The first part tells the story of Moses leading the Jews from Egypt to the Promised Land, his receipt of the tablets and the worship of the golden calf. The second part shows the efficacy of the commandments in modern life through a story set in San Francisco. Two brothers, rivals for the love of Mary, also come into conflict when John discovers Dan used shoddy materials to construct a cathedral.Written by
Ed Stephan <email@example.com>
During one day of the filming of the Exodus scenes, about 60 bit players were injured in chariot crashes. Most went right back to work after getting bandaged up. See more »
When the Red Sea is parting, it's clear that the filmed footage was played in reverse. See more »
Dan McTavish - Her Son:
This time, we're going to take a chance on a leaner 'mix' - one of cement to twelve of sand and rock. With a broad-minded building inspector like yourself on the job - it's a cinch!
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Cecil B. DeMille's Paramount EPIC "The Ten Commandments" tells the Old Testament's "Moses" story during its first hour. The "special effects" highlights are: Theodore Roberts (as Moses) parting the Red Sea, and the Biblical patriarch's thunderous receiving of God's commandments. The production is first rate throughout. After about fifty minutes of spectacle, the film switches to a "Modern Story" - wherein Mr. DeMille seeks to tell a morality story involving "The Ten Commandments".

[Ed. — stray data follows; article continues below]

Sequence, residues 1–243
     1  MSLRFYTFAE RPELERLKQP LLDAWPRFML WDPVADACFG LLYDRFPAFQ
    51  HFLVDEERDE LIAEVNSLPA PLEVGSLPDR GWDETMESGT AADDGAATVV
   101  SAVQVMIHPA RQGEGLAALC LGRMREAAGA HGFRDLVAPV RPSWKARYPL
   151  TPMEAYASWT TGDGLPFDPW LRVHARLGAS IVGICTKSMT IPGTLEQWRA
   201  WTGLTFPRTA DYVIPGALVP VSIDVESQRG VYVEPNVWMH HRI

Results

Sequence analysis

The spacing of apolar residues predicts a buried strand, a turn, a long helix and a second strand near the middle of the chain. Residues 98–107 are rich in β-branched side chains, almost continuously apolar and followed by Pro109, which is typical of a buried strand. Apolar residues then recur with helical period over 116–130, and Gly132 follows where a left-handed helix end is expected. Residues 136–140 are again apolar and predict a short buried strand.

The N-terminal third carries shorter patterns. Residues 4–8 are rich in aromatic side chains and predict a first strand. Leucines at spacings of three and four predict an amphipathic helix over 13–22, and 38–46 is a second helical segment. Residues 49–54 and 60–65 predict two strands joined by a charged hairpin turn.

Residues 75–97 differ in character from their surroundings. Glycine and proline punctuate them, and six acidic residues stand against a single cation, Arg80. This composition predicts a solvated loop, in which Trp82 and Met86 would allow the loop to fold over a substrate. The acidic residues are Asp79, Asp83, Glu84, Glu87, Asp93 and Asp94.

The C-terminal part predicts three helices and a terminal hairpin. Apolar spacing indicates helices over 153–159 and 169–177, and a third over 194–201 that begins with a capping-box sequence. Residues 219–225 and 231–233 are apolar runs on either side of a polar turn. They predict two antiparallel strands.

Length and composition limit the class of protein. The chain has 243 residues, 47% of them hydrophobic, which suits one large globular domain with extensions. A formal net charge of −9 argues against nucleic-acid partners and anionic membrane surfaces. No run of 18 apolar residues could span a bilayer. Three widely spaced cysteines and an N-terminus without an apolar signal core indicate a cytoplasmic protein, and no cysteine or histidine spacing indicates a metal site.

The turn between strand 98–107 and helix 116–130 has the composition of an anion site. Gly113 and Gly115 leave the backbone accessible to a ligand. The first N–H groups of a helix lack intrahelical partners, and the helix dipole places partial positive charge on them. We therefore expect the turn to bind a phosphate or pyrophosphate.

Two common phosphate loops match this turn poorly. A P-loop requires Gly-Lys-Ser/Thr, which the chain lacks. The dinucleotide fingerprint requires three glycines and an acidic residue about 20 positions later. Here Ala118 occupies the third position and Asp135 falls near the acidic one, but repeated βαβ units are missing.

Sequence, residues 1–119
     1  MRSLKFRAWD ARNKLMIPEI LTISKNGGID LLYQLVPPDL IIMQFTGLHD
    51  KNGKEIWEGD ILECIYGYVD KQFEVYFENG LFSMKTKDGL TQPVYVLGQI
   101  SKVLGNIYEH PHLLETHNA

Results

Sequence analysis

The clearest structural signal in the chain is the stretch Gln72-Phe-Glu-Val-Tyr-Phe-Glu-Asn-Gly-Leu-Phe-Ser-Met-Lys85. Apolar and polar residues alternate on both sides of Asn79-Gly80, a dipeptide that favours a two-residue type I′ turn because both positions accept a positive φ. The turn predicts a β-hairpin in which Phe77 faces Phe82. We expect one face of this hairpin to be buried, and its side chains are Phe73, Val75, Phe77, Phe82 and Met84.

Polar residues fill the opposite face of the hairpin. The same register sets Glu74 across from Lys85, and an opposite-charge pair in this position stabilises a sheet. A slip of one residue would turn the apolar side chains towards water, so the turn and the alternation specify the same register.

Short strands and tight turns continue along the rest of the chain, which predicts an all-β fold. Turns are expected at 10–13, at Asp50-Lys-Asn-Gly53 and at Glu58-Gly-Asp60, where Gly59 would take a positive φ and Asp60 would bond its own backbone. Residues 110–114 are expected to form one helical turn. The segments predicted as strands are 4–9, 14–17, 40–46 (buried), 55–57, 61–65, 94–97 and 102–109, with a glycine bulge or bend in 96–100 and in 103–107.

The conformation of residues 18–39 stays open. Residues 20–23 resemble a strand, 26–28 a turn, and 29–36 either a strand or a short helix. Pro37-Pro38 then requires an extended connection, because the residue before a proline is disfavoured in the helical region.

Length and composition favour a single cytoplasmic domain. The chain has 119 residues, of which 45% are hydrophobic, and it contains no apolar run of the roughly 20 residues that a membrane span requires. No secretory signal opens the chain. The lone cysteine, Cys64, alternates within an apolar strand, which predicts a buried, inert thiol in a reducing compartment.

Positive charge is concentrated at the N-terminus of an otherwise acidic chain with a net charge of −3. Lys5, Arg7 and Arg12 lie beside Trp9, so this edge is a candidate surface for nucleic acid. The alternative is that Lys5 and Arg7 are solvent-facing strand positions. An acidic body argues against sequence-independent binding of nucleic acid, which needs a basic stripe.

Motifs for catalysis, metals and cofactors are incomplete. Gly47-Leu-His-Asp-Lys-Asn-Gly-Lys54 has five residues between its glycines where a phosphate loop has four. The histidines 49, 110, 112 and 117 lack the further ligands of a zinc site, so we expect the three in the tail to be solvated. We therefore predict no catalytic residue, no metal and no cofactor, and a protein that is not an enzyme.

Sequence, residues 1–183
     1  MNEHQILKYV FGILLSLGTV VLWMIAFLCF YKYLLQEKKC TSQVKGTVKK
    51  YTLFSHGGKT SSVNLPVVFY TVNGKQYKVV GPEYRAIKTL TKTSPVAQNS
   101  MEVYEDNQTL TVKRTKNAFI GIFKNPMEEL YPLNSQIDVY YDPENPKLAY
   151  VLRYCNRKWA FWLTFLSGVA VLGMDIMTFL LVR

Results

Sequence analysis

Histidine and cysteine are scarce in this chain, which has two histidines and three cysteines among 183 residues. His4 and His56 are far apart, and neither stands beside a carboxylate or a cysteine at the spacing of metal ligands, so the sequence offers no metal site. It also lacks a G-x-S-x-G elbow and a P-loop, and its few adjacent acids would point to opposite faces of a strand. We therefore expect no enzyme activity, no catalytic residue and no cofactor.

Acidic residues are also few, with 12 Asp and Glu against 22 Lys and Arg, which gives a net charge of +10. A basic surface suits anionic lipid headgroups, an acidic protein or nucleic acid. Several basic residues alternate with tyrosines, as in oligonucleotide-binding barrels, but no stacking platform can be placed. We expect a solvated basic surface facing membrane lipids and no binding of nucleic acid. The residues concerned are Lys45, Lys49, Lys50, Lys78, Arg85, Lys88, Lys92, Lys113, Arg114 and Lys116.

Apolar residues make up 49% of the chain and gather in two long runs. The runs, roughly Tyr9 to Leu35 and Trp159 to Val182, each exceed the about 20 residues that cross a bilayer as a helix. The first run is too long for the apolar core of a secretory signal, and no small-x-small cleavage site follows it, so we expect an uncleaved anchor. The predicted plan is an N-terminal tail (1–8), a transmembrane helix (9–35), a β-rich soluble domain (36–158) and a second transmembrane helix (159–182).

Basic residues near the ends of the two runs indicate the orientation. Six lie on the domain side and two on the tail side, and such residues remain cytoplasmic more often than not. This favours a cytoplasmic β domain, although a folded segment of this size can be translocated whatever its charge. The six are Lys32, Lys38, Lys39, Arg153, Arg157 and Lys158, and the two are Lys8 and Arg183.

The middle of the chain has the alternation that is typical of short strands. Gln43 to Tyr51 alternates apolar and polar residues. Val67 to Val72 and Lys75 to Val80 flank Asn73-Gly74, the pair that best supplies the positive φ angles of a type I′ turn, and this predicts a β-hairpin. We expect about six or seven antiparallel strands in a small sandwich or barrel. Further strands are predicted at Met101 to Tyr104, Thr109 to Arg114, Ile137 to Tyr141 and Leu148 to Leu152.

For the main story (the more memorable Moses segments were a mere "prologue"), DeMille introduces the McTavish brothers - saintly carpenter Richard Dix (as John), and partying atheist Rod La Rocque (as Dan). While Mr. Dix stays home to read The Bible, with dear mother Edythe Chapman (as Martha McTavish), Mr. La Rocque breaks Commandments, with lovely Leatrice Joy (as Mary Leigh). Of course, Dix falls in love with Ms. Joy, after she becomes his brother's wife
DeMille's morality tale is extremely heavy-handed, but nevertheless enticing, and expertly directed.
The "Biblical" and "Modern" story format recalls D.W. Griffith's superior "Intolerance" (1916). The all-star cast (it's 1923, remember) performs exceptionally, with La Rocque being seen in one of his finest performances. As any actor will tell you, La Rocque was halfway there, upon receiving the "bad brother" role, over Dix - and, La Rocque runs away with the film. His is a "Best Actor"-worthy performance. Nefarious Nita Naldi (as Sally Lung) leads a strong supporting cast.
All things considered, this one's a lot more fun than the 1956 re-make.
********* The Ten Commandments (11/23/23) Cecil B. DeMille ~ Rod La Rocque, Richard Dix, Leatrice Joy, Theodore Roberts
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